Not that everyone's waiting. The mitzvah mobile that is Steig's birthday seems to have Jewish wheels -- and they're headed to Broadway, where Jewish groups will most likely be among the many paying the green to welcome the green guck of a character to the Great White Way.

That's right: "Shrek: The Musical" is anticipating a Broadway run. And for those who think they stink -- that fetid aroma may scare off dates but in an ogre it's an aphrodisiac -- here's what they're looking for during a casting call this summer (when this casting notice went up, most likely so did the call for cans of green paint):

Shrek: 20s--30s. An ogre. His brutish physical appearance disguises a warm heart. Values his peaceful solitary life in the swamp. A lonely outsider with soul and strength, and wit. Seeking actors with a powerful presence and strength with true Rock or R&B voices.

Surprisingly, no previous klezmer background was called for.

But if your idea of "My Yiddishe Momma" is someone from the swamp-land, this may be your lucky daze. There is even a url for you: iwanttobeshrek.com.

But what kind of songs will they be looking for from Shrek wannabes? Some helpful hints may lie in the Yiddish punk-rock repertoire. When you hand the sheet music to the rehearsal pianist, be sure to add these words: "A bissel slow on the upbeat."

Of course, some of this sheet music may be hard to find. Anybody out there with the notable Marc Ribot number "Yo! I Killed Your God," a 1992 release from his group Shrek, released later by the Tzadik label?

No? Maybe this one will be easier to find since it comes from a traditional source: "The Best Yiddish Songs," recorded by noted artist Tzipi, whose version of "A Brivele Der Mamen," by Solomon Shmulewitz, had them choking back the tears on Orchard Street.

Okay, join in; all together now, follow the bouncing bubbelah ...

"Mayn kind, mayn treyst, du forst avek

Ze zay a zun a guter

Dikh bet mit trern un mit shrek

Dayn traye libe muter

Du forst, mayn kind, mayn eyntsik kind,

Ariber vayte yamen."

Rumor has it that the on-screen Shrek serenaded Fiona with not this version on his wedding night, but the Sanjaya version, which would have been recorded had the singer not been cut from "A Yiddishe Idol."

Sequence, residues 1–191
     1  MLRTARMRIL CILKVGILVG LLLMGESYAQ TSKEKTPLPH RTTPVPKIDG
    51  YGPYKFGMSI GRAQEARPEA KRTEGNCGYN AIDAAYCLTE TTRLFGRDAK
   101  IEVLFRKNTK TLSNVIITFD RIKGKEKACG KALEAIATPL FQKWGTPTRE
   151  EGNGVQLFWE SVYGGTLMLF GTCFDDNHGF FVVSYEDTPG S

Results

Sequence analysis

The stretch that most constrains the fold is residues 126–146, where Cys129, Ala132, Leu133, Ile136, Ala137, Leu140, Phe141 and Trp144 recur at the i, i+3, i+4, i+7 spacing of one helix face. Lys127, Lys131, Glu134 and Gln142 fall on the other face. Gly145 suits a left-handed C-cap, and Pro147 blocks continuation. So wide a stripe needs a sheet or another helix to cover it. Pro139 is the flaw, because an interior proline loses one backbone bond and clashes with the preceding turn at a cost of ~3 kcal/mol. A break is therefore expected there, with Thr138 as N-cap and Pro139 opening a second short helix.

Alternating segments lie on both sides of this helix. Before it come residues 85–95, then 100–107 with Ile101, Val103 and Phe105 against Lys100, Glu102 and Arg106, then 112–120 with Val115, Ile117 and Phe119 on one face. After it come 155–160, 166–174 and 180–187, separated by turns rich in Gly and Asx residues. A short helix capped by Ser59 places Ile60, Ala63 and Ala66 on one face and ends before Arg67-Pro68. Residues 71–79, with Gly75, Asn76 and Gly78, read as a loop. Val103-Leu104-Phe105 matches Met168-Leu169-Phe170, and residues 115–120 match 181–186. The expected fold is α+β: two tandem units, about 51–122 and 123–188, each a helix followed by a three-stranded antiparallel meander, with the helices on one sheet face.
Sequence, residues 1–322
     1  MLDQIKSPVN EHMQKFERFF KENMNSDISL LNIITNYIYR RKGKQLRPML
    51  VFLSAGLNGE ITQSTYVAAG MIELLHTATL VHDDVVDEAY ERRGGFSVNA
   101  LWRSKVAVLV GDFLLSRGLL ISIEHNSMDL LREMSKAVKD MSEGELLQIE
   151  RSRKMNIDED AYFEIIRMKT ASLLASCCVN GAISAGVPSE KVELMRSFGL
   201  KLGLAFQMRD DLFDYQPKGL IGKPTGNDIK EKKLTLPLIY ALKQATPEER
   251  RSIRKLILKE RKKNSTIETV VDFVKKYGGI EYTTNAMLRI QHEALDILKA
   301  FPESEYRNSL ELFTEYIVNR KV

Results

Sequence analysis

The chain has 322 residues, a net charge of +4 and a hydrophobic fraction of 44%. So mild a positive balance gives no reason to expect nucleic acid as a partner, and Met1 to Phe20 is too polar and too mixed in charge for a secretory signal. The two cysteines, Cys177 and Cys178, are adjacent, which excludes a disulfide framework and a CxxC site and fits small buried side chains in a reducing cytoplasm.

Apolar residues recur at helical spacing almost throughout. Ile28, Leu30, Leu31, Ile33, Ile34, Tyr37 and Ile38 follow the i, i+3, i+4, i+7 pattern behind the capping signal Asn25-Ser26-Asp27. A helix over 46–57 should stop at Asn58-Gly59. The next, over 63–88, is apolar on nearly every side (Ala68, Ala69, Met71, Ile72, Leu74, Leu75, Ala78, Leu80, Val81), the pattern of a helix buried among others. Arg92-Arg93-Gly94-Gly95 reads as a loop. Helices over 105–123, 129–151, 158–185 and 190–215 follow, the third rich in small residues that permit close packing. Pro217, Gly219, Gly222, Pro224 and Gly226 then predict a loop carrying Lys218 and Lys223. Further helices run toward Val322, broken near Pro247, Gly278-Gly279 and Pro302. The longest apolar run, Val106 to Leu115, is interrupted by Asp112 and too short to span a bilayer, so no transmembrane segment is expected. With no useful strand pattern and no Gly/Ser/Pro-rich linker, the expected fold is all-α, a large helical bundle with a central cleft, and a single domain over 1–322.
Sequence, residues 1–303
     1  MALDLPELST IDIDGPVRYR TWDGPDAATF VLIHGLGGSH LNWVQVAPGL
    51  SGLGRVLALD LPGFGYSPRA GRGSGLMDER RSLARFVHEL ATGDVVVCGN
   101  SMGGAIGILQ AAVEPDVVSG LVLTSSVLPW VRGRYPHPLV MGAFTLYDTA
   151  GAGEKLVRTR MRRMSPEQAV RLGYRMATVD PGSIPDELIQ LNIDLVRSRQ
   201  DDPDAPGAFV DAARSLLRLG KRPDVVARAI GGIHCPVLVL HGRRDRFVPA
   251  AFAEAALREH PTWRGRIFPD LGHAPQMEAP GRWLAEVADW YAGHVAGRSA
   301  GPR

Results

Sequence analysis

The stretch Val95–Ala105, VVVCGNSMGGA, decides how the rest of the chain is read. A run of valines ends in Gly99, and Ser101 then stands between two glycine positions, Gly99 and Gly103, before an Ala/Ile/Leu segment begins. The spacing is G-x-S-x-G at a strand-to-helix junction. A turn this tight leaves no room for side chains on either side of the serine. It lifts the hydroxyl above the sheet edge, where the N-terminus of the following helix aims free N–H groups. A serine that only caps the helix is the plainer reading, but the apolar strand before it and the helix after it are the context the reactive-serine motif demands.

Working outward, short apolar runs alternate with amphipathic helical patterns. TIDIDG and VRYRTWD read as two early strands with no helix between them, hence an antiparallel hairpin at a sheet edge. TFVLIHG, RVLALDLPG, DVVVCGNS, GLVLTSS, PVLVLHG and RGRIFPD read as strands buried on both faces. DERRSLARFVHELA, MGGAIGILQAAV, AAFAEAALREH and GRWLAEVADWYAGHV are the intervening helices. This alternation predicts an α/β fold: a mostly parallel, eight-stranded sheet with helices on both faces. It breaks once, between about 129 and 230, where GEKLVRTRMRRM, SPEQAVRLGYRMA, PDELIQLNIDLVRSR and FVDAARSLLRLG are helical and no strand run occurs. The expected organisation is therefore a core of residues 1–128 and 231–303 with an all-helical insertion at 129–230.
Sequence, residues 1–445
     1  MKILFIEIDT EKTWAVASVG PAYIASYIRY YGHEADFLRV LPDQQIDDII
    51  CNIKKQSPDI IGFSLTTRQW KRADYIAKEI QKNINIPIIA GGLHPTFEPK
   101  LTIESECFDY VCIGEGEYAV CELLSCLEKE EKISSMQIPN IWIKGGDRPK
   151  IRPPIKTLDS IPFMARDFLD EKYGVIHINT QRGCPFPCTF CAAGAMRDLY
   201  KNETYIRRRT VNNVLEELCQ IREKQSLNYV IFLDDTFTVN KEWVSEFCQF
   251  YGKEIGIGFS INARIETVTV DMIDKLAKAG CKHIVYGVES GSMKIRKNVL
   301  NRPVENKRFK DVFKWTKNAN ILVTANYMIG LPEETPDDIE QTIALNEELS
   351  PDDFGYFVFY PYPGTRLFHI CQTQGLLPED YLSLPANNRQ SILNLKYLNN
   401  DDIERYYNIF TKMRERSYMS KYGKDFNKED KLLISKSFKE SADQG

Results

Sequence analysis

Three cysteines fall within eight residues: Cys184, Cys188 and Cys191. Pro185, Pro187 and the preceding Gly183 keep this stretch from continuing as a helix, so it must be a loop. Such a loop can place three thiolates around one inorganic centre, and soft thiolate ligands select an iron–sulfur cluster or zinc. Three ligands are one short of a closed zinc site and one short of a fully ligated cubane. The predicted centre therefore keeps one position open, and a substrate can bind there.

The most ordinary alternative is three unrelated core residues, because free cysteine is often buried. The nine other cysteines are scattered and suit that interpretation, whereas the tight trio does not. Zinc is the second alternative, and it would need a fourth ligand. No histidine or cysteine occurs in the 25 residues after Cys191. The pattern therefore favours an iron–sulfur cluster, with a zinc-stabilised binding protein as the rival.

But Shrek certainly made the cut with the prominent Amos Tuck School of Business Administration of Dartmouth College. Who knew that ivy came in shades of Yiddish?

Well, it's not really the school but The Tuck Profit, a satirical send-up of a mag not associated with the school, but put out by some of its edgier business students looking for a night of 401(k) laughs:

For a read of top-notch business students' take on the future, take a look at this recent issue: "It's official! The president of the class of 2007 has changed his name from Savage to Shrek. In his own words: 'I think "Shrek" better reflects my personality, and is more consistent with my beliefs and ideas. People were a little freaked out by "Savage." '

"To Shrek's Yiddish friends, the choice may not be so effective: 'Shrek' means fear or terror in Yiddish. The kinder, gentler Shrek commented rhetorically, 'Do I care what a bunch of Hasidic Jews think about me?' "

"The Hanover town clerk was immediately inundated by over 350 name change requests from women seeking to change their names to Princess Fiona. The line extended around the block. Not surprisingly, 2nd year class president Tommy Cho's request to change his name to Donkey was immediately granted."